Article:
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Wednesday, December 7, 2022
CARACAS, Apr 1 1998 (IPS) - This weekend’s summit in Guayaquil will capitalise on the current period of smooth sailing towards integration in the Andean Community (CA), and allow the presidents to take on new objectives, after years of internal crises.
The breeze in the Ecuadoran port city of Guayaquil will be a welcome change after the tense climate in Sucre, Bolivia, when Peruvian President Alberto Fujimori was not invited to the 9th summit after he announced his country’s (later aborted) plans to pull out of the bloc.
But in between the Apr. 22-23, 1997 summit in Sucre and this weekend’s gathering of the leaders of Bolivia, Colombia, Ecuador, Peru and Venezuela in Guayaquil, the open wounds of the crisis have been stitched up, the bloc’s institutional base has been overhauled, and the first steps have been taken towards an Andean common market.
For the first time since the turbulent December 1991 summit in Cartagena, Colombia, which gave rise to the split with Peru over differences regarding the common foreign tariff – finally resolved in July 1997 – the presidents will meet without major rifts, neither on the table nor in the closet.
Panamanian President Ernesto Perez Balladares, who has participated in the bloc’s political forums since 1995, will be present in Guayaquil, as he was in Sucre. Panama and the Andean bloc are negotiating a special economic relationship.
The biggest obstacle lies in the fact that most of the presidents are either on their way out or new arrivals: this weekend’s summit will be Bolivian President Hugo Banzer’s first, and the last for Ecuador’s Fabian Alarcon, Venezuela’s Rafael Caldera and Ernesto Samper from Colombia.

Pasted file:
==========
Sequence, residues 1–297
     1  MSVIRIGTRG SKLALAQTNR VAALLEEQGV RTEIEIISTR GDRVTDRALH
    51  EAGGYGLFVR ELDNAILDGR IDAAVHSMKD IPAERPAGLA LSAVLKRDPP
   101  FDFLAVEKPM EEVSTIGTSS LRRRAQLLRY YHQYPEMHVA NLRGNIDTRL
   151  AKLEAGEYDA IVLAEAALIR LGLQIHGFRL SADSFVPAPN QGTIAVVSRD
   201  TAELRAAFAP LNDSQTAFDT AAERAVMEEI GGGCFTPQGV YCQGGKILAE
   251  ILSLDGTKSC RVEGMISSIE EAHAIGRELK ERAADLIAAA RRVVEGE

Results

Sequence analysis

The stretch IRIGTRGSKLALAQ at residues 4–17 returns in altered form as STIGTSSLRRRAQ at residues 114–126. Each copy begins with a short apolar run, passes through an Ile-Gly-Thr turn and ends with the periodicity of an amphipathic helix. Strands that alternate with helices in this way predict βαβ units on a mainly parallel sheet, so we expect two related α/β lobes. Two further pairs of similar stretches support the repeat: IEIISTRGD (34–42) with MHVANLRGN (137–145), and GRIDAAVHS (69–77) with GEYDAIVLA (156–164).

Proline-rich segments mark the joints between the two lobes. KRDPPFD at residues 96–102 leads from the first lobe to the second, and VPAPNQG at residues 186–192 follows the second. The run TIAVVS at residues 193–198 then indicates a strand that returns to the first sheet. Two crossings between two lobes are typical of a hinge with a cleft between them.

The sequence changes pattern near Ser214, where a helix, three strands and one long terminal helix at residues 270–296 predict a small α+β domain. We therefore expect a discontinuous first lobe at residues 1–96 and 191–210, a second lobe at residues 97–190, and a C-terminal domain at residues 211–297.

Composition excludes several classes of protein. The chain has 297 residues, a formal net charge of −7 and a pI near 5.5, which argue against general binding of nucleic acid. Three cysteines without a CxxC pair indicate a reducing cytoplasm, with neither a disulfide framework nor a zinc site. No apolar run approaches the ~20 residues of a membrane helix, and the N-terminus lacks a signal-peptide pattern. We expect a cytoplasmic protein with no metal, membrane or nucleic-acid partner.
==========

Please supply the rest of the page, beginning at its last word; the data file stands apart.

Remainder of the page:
But foreign ministries and business organisations in the subregion maintain that the problems that could arise from the changes on the political scene will be compensated for by the fact that the new General Secretariat, functioning since July 1997, has the political clout to further the objectives outlined in Guayaquil.
The bloc’s biggest worry since Sucre were the erratic negotiations with the Southern Common Market (Mercosur), comprised of Argentina, Brazil, Paraguay and Uruguay, which ended in a Framework Accord to be signed Apr. 16 in Buenos Aires. The accord sets a January 2000 deadline for a free trade zone between the two South American blocs to go into effect.
The Guayaquil agenda does not include the negotiations with Mercosur as a specific item, sending out a clear message that the key issue at the summit will not be those talks, but rather the strengthening of the bloc itself, the setting of new objectives and a focus on a broad range of external relations.
The agenda of the presidential gathering – which will run Saturday and Sunday, preceded by meetings Friday among the bloc’s ministers of foreign affairs and trade – includes an evaluation of the state of the subregion’s integration process as its first item.
The second aspect to be discussed is the building of an Andean common market, including the completion of the customs union already operating between all partners except Peru, the opening of trade in services, and physical integration. The CA has a combined Gross Domestic Product (GDP) of 248 billion dollars.
The creation of a common market will also demand harmonisation of macroeconomic policies, with respect to which the heads of state are to work out new objectives, after an early March meeting among the bloc’s finance ministers set the first big goal of reducing the subregion’s combined inflation rate to a one-digit figure.
Statistics made available by the bloc’s Lima-based General Secretariat indicate that the five countries’ average inflation rate was 19.5 percent in 1997, pushed up by high consumer price indexes in Venezuela (38 percent), and Ecuador (30 percent).